. . . because it is vital to understanding others, and it deepens your understanding of your own self.

* be willing to lean into conflict

Remember: avoiding conflict actually inhibits intimacy. Just be sure to let go of your desire to convert the other person.

* hold your beliefs with deep humility

 . . . which is not the same as holding them weakly!

* commit to the proposition that personal respect for each other is non-negotiable

Opinions and ideas need to earn respect, but you, as a person, are worthy of respect always.


Check out the full sermon (below) . . . and then go out and do something listening!





Related posts



I wondered at how we could have covered all that in just a minute or two -- the time it takes to go a few stops.  After all, when I walked onto that bus we were strangers.

(See Listening for Community (A Chicago Encounter))




I believe when Jesus broke the bread and poured the wine and said "Remember me this way," he was much more interested in encouraging us to keep having conversations -- conversations that really matter -- with others . . . and finding ways to be in relationship with our neighbors  . . . all the while reminding us "never underestimate the power of food"  . . .

(See Get Outside Your Comfort Zone and Have A Conversation Today (Welcome to the Ministry))



Perhaps what makes a book good for a discussion group is that it combines startling candor, brevity, and the courage to leap again and again into the middle of mysterious questions.

(See Finding Accidental Saints in Berkeley

The Election 2016 Diet: Invest 100 Hours for Peace

GOP in Cleveland . . . Dems in Philadelphia . . . Donald Trump . . . Hillary Clinton . . . Bernie Sanders . . . DNC . . . emails . . . Russians . . . NATO . . . FOX . . . CNN . . .  aaaaaaaaaaaaa!!!!!!!

2016
I support ANTI-WAR candidates!
(Know Any?)
The 2016 US presidential election is one of the most perplexing ever for people who oppose war and militarism.

The Democratic candidate is running on her credentials as a tough hawk; the Republican candidate makes random remarks that oddly align with some antiwar positions. The circus atmosphere is bigger than ever and the third-party antiwar candidates that we might usually place some hope in are lost in the swirl of events.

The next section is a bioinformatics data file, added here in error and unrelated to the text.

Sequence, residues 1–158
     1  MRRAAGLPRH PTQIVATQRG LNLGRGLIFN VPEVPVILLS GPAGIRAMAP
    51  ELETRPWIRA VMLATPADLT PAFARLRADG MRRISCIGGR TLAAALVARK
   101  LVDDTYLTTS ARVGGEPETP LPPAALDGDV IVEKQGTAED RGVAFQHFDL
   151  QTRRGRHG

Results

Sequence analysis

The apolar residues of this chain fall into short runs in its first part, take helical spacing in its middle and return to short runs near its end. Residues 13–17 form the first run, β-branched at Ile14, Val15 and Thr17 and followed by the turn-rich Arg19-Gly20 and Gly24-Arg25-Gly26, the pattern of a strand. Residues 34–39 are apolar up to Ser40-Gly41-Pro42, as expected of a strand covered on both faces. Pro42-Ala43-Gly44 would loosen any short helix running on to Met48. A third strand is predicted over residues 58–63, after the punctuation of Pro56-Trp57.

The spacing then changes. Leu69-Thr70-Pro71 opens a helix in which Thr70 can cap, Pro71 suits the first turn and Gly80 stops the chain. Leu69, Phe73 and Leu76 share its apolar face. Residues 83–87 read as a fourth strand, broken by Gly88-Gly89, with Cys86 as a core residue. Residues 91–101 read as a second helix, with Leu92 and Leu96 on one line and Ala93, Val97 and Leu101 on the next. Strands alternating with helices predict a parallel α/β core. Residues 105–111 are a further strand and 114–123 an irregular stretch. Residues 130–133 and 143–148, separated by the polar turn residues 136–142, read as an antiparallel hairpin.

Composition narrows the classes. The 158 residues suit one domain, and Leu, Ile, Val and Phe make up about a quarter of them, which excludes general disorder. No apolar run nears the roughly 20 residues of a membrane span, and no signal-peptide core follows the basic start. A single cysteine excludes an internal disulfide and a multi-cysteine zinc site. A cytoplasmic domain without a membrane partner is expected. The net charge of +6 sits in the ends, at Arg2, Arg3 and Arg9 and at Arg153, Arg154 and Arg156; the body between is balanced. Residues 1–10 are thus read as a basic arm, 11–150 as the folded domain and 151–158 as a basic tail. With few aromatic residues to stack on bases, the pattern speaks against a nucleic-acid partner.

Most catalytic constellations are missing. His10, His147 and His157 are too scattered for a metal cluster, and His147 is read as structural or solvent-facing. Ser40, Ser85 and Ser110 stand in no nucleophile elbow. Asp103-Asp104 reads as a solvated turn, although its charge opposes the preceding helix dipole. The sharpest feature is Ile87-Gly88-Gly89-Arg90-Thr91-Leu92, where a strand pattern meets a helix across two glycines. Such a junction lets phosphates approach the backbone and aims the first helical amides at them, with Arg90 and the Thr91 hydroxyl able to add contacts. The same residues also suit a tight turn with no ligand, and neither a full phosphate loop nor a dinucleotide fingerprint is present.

This year seems to underline a difficult truth: in the run-up to the US presidential election, it always seems axiomatic that this will be the opportune time to make headway on the antiwar agenda; but in the craziness of election season itself it becomes obvious just how far out of the action we antiwar people are.

As I reeled from last week's GOP convention shenanigans and find myself drenched in another week of party-business-as-usual during the Democratic convention, I'm having a moment of clarity: these people are stealing my time.

There are, what, 100 days remaining until the election in November? Am I really going to let the next 100 days be commandeered by the minutiae and couch-quarterbacking of this election?


Consider: what if each of us claimed back the time that election 2016 is trying to demand of us? What if we said, "I am not giving you my attention?" What if, instead, we acknowledged that we know right now what we're going to do on election day, and we don't need any more TV coverage or newspaper stories or Facebook posts or tweets, and that instead we were going to use that time in a way of our own choosing?

What would you do with that extra 30 minutes or hour or . . . ?

Here's a radical proposal: what if each of us spent that extra hour a day over the next 100 days to simply think? Imagine saying, "I am investing these 100 hours in thinking deeply about what it will take to change the war-like ways of this country I live in. I am going to ask hard questions, confront what's really standing in the way, think creatively, and come up with new ways to be an effective peace worker. This is my time and I am going to make the best use of it."

Taking a break to think.  The results could be . . . revolutionary . . . !


Think about . . . roles women play in the peace process . . . 

Think about . . . having difficult conversations . . .

Think about . . . the structural problem of "thermonuclear monarchy" . . .

Think about . . . US Constitution and what we might do differently . . .

Think about . . . creative resistance to war and militarism . . .

Think about . . . how people encourage more people to be their best and make a difference . . .

Think about . . . ? . . .


Related posts

In four hundred and thirty-five Congressional districts, there is an inseparable relationship between campaign funding for Congressional races and the military contractors. How do we push back?


(See IT'S A LOCK: Why the US Can't Break Its Addiction to War)




It will benefit us antiwar activists in the US to attend to and reflect upon the importance of these Sustainable Development Goals to achieving the goal of ending war.

(See PEACE DAY 2016: What comes first? Demilitarization? or Development?)











Election 2016 will come down to how the candidates propose to deal with ISIS, and whether they respond to the urgency of the Black Lives Matter movement.

(See To Grab the Win, Might Trump or Hillary Surprise Us?)